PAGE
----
Tuesday, October 26, 2004


Being close to Halloween, I visited the vampires the other day. It's been awhile and I had some extra blood that was just laying around looking bored, so I gave it something to do. Years ago, this would never have happened without heavy sedation.

I strongly suspect that, as a child, I suffered from trypanophobia. This is the fear of injections, and it ranked number one on my hit parade of things I would much rather have someone else suffer through. This is why I could never become a drug addict back when it was cool to be a drug addict. Once I found out that aside from one or two things you can just smoke, there were also things you could inject directly into your veins, that cured me of any potential drug addictions long before "intervention" ever entered our vernacular. Not counting Pepsi, I mean. Pepsi required intervention.

Then I served my mission for the Church. As I have mentioned before, I happen to be LDS. LDS young men and women serve missions for up to two years in various parts of the world. I served in Guatemala. Guatemala is considered by many to be a "third-world" country, on par with, oh, Tonga, Rwanda, and Berkeley. It is also where my Pepsi addiction began, but that's another story. In third-world countries, medical care is (or was, twenty five years ago) interesting. It could be difficult finding a doctor that spoke either English, or very slow Spanish.

It was in Guatemala that I developed walking pneumonia. I probably wrote home that this was just a bad case of bronchitis so as not to worry my mother. I used to get bronchitis every year. It also sounds better than pneumonia. In any case, I needed to see a doctor, which meant brushing off my atrophied Spanish skills. I was working with one of the local Mayan tribes, and Spanish was not their long suit. Having been x-rayed, the doctor explained to me that I needed penicillin. No problem, I thought. Been there, done that. I asked where I could get the pills and the doctor stared at me. "Pills?" he asked. "No, no. We don't get pills down here. You need injections." The Spanish word for injections is close enough to the English that I didn't need my dictionary.

To make a long story short, not only did I need ten daily injections, but my junior companion got to give them to me. Junior companions would pay real money to have this opportunity to inflict pain on their senior comps, and I would have been no different. Being on the receiving end was not something to which I looked forward.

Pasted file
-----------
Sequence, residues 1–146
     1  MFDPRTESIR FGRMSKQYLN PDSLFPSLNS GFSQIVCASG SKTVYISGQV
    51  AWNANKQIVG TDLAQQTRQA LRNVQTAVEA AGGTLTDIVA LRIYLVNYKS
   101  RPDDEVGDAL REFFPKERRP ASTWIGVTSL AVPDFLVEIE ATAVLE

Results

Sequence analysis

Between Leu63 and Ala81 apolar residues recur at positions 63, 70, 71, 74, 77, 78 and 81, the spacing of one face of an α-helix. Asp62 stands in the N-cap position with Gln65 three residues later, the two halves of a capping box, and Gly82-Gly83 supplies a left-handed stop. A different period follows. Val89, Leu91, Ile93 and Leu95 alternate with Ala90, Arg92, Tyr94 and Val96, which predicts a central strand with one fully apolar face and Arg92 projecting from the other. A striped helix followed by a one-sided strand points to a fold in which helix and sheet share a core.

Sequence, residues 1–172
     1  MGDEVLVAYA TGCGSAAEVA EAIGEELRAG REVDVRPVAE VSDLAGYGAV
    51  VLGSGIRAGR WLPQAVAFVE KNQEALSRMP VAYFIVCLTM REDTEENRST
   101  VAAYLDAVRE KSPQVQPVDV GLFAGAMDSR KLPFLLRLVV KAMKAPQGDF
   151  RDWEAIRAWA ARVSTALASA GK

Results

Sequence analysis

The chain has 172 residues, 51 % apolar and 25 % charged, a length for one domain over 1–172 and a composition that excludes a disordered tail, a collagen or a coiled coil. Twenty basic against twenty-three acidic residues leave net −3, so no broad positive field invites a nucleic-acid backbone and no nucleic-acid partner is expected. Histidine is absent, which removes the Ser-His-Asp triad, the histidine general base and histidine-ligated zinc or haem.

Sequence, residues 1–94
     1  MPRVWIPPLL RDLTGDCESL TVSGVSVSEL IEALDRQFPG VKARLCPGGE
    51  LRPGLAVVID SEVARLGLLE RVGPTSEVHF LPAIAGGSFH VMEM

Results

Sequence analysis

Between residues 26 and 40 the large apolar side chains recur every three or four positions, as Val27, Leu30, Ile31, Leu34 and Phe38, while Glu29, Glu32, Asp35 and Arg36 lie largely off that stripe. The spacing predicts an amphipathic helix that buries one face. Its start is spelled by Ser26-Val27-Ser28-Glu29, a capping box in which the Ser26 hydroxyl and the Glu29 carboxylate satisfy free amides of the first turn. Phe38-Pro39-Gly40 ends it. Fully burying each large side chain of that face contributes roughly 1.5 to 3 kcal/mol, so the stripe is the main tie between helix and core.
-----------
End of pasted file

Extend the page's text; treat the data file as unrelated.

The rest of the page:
To reassure me, on my companion's first attempt he started the javelin thrower's warm-up wherein you jerk the needle up and down over the target before finally letting go. The problem was, he didn't let go. The needle went in ("ouch!"), the needle went out ("oops!"), the needle went back in ("OUCH!"). It was the hokey-pokey of injections. My companion thought this was great fun. I was mentally calculating how much time I would have to serve in a Guatemalan prison before I could pay my intended debt to society.

The follow up to this story is that we were getting our mail just a few days later. My companion was still giving me the injections, but I was getting used to them by now. At the post office ("Any mail, Francisco?" "No, but your mother's cookies were delicious!" "Thanks, Francisco.") we met a Peace Corps nurse who was working her way down to El Salvador. Being a nurse AND a certified gringo we struck up a conversation about my injections and told her about my companion's first attempt. She laughed herself into a mild choke and managed to sputter that in so doing, my companion had "contaminated the field." Ha, ha, I thought. That Guatemalan prison was looking better with each passing minute.

Well, that experience cured me of any perceived trypanophobia. Over the years I've been injected in various regions for various reasons, a few of which would make most guys wince in agony just thinking about it. I'm not saying I'm a big fan of the needle, but I can handle it now. Which is why I was visiting the vampires the other day.

The "vampires" are, of course, the friendly American Red Cross volunteers who work blood drives throughout the world. I've been on the receiving end of their services, and I'm grateful they were there. I've not been a consistent donor over the years, but I always feel good when I do. I always feel like I'm making a real contribution to society, as opposed to this incredibly self-serving blog stuff I write.

The Red Cross gave me a donor's card last year, and it says "Type O Hero" right on it. Given my history with needles, I feel a little like a hero.

Please donate. Call 1-800-GIVELIFE to find out where and how.

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